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These fake crypto wallets want to steal from iPhone and Android users

Cybersecurity researchers detail attacks that encourage users to download fake cryptocurrency wallets that allow criminals to steal Bitcoin from accounts.
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Written by Danny Palmer, Senior Reporter on

Cyber criminals are attempting to stealing cryptocurrency from Android and iPhone users by luring them into downloading malicious apps posing as cryptocurrency wallet services. 

Cybersecurity researchers at ESET have identified over 40 copycat websites designed to look like those of popular cryptocurrency websites, but that actually trick users into downloading fake versions of the apps containing trojan malware. New cryptocurrency users appear to be targeted in particular. The websites are specifically designed to target mobile users and lure them into downloading the malware.  

The attackers use online advertising, posted to legitimate cryptocurrency and blockchain-related websites, to direct traffic to the malicious cryptocurrency wallet downloads. 

SEE: This sneaky type of phishing is growing fast because hackers are seeing big paydays

Those behind the attacks – who researchers note communicate in Chinese – also use messaging app Telegram to search for affiliates to help spread the malware, with some of these links also being shared in Facebook groups, complete with step-by-step video tutorials on how the fake wallets work and how to steal cryptocurrency from victims. 

Affiliates who help distribute the malware can be offered as much as 50% commission on the stolen contents of cryptocurrency wallets which are successfully compromised. 

The malware works differently depending on whether the victim is an iOS or Android user. On Android, it appears to target new cryptocurrency users who do not yet have a legitimate wallet application installed because it's not possible for the malware to overwrite any existing apps on the device because of Android security protocols.  

However, on iOS, it's possible for the victim to have both a real app and the fake one installed, so more experienced cryptocurrency enthusiasts could potentially be targeted too, even though in both cases its somewhat cumbersome to download these fake wallets.

SEE: How to keep your bank details and finances more secure online

For Android users, the fake cryptocurrency websites invite the user to 'Download from Google Play', although it actually downloads from the fake site's server. Once downloaded, the app needs to be manually installed by the user. While many of these apps came from third-party sites, ESET researchers say that 13 malicious apps related to the campaign were removed from the Google Play store itself in January.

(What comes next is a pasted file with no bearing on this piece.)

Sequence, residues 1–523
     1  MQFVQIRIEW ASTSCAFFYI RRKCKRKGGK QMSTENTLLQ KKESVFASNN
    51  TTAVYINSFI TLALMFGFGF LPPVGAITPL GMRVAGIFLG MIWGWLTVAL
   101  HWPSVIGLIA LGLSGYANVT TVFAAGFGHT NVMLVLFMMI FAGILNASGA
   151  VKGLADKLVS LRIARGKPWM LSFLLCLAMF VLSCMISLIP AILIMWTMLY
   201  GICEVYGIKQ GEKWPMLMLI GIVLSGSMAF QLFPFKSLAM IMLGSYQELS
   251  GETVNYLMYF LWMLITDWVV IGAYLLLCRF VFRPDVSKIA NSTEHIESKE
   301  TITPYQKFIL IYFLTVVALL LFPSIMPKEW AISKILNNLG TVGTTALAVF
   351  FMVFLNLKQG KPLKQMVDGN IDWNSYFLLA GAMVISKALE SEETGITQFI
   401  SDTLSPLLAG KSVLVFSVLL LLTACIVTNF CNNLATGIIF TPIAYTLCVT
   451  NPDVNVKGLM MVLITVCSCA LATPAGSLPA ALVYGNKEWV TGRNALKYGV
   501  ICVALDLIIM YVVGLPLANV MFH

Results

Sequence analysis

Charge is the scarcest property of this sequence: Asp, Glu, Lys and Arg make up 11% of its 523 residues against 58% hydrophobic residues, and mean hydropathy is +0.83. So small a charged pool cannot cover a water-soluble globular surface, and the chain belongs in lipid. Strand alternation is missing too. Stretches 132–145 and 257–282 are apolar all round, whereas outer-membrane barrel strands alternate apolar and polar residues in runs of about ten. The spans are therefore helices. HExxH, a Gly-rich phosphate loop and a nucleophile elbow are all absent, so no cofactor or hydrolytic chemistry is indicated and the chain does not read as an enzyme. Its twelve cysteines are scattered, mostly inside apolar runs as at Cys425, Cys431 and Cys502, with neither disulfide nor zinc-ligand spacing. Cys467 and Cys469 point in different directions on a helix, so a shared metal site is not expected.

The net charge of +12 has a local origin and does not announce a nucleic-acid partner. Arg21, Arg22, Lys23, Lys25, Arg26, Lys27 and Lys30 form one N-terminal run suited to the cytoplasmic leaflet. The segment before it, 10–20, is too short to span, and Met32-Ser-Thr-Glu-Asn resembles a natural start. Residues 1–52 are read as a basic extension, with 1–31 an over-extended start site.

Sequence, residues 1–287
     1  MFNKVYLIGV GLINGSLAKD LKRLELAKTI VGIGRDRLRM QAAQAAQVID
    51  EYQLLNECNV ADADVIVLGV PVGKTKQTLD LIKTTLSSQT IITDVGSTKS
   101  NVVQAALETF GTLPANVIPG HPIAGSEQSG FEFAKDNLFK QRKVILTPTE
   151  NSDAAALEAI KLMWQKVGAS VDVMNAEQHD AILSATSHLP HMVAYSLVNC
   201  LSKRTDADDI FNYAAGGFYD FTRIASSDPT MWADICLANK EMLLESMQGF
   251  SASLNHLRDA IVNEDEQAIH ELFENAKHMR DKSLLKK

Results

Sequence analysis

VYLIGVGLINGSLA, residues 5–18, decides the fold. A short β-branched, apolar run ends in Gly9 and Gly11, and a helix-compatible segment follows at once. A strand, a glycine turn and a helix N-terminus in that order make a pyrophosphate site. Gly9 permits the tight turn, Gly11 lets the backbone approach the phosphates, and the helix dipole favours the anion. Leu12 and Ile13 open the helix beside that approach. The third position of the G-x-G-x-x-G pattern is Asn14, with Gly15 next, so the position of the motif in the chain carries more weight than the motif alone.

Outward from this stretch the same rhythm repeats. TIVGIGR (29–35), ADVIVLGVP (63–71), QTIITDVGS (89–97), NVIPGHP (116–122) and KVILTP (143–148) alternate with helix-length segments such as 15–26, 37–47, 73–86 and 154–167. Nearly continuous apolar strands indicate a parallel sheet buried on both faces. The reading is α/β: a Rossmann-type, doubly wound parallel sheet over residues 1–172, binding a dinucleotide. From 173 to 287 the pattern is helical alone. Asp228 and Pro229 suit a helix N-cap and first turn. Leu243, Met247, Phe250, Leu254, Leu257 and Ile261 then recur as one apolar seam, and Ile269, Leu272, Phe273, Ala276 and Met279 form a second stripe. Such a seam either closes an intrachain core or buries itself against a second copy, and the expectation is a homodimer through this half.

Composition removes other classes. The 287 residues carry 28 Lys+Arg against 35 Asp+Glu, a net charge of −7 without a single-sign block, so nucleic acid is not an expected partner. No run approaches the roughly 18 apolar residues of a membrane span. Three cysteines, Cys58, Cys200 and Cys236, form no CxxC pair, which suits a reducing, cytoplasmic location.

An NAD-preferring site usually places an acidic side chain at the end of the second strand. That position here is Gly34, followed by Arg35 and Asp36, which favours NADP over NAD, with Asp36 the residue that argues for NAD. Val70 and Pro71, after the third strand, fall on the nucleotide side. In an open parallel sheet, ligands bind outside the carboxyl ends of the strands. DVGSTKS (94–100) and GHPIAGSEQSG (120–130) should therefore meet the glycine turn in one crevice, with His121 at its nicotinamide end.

It's not possible for attackers to upload the malicious apps to Apple's App Store, so instead they're sending potential victims to third-party websites for the downloads. In order to make sure that the malicious apps are successfully installed, alerts and notifications are used to encourage the user to bypass iPhone's default protections and install unverified apps. 

Whether it's on Apple or Android, once installed the malware behaves like a fully working cryptocurrency wallet, undisguisable from the real apps.  

By inserting malicious code into the app, the attackers can manipulate the content of the app as if it was their own – meaning they can drain the cryptocurrency from the wallet, without the user knowing. 

It's believed that the cryptocurrency-stealing campaign remains active. To avoid falling victim to attacks, it's recommended that users only download apps from trusted, official sources as these are most likely to be secure, legitimate apps. It's also recommended that users install anti-virus software on their smartphones to help detect malicious apps and links.  

"We would like to appeal to the cryptocurrency community, mainly newcomers, to stay vigilant and use only official mobile wallets and exchange apps, downloaded from official app stores that are explicitly linked to the official websites of such services, and to remind iOS device users of the dangers of accepting configuration profiles from anything but the most trustworthy of sources," said Lukáš Štefanko, ESET researcher. 

For users who suspect they may have downloaded a malicious app, researchers urge them to immediately create a brand-new wallet with a trusted device and application, and transfer all funds to it, so attackers can't come back and steal it.  

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